Painted between March and September of 2020
Alavida: A Short Statement by the Artist
In March of the year 2020, we moved as one in mass exodus – from our living spaces, from our occupations, from our routines, and, most notably, from each other. This was a global phenomenon not unique to our community, yielding a moment in human history which is inarguably anomalous. When future generations ask me what it was like to live during this moment in history – which they will ask – what will I tell them?
This is the question which fueled my actions immediately following the onslaught of COVID-19. When I moved back in to my childhood home after abandoning my adult life, I wasted no time in upturning the order of my old bedroom, moving furniture and clearing out everything I could do without in order to turn my largest wall and the surrounding area into my new studio. I hung as large of a cutting of unstretched duck canvas cloth on this wall as I could and primed my new surface in my new makeshift studio, standing on cheap plastic tarp and scooping gesso from a tupperware. Six months later in September, I had completed the largest painting I had ever undertaken. My driving mission was to create a representation of the spirit of this time in history.
My subjects are figures, both human and geometric. I make reference to the famous golden Fibonacci spiral, using the form as a compositional “scaffold.” This scaffold holds up my construction of a series of square cells, each cell containing a figure or figures. I set about trying to represent a range of ages, genders, ethnicities, and personalities so expansive that every human on Earth could view this work and relate to at least one figure – this is a global experience, after all.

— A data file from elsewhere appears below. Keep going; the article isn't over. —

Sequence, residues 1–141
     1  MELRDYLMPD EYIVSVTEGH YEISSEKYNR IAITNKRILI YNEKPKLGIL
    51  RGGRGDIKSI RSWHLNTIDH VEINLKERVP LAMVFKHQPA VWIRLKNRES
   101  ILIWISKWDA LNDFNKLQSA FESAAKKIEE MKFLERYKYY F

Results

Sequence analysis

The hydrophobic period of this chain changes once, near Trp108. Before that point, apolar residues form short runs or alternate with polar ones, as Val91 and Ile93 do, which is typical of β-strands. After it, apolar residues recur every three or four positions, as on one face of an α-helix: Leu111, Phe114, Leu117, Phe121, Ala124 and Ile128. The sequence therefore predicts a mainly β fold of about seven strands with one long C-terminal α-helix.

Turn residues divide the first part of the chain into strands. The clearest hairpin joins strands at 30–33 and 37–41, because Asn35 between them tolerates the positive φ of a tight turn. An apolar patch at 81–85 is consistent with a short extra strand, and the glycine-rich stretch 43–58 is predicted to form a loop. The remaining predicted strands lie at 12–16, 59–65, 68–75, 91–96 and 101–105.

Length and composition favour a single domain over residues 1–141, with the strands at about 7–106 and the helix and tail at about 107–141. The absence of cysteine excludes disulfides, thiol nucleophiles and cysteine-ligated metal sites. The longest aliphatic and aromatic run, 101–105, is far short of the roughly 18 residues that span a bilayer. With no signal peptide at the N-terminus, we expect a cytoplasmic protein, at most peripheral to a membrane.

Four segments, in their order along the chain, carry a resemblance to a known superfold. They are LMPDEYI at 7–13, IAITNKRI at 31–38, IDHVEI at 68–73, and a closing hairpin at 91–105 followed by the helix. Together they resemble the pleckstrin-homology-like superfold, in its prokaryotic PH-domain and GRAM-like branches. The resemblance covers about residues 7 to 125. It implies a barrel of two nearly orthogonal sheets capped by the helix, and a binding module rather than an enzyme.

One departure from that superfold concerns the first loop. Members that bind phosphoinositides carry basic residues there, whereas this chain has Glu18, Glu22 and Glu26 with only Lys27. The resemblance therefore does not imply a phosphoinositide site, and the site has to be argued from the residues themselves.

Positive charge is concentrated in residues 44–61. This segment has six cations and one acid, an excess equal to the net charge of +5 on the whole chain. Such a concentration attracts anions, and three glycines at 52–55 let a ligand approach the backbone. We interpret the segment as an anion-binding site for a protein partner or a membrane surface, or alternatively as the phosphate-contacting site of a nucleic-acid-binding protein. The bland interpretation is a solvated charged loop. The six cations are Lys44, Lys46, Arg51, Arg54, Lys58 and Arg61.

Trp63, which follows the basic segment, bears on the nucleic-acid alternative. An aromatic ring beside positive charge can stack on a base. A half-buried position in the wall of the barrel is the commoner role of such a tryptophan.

We are all spiraling together, united in an escalating, viral situation to which every human is susceptible, yet which is beyond any human’s control. To make matters worse, we are a house divided – we have been divided into disparate houses, rooms, cells, for our own safekeeping. In a bizarre twist, cells are also the only medium through which we are now permitted to connect with each other – in the form of digital screens, Facetime boxes, Zoom galleries, Webex panels, etc.
So, to address the aforementioned question – “What is it like to live during this moment in history?” – I provide as my answer Alavida, a painting in direct response to the historical six-month period during which it was born, grown, and completed by me, Michaela Jane Lozada, one of many displaced and isolated artists. I credit the title Alavida to my Filipina Grandma Luds: it means “still alive.”
Please take your time to process and enjoy Alavida. If you or any others have any questions or would like to speak to me for any reason, please call or text me at (732) 991-9799 or email me at firstname.lastname@example.org. To view more of my work, please visit the rest of my website at michaelalozada.net.
I invite and encourage you to show my work to anyone whom you would like to share it with. All I ask is that you do not use any of my work to promote violence in any context, and that you credit the creator – Michaela Jane Lozada.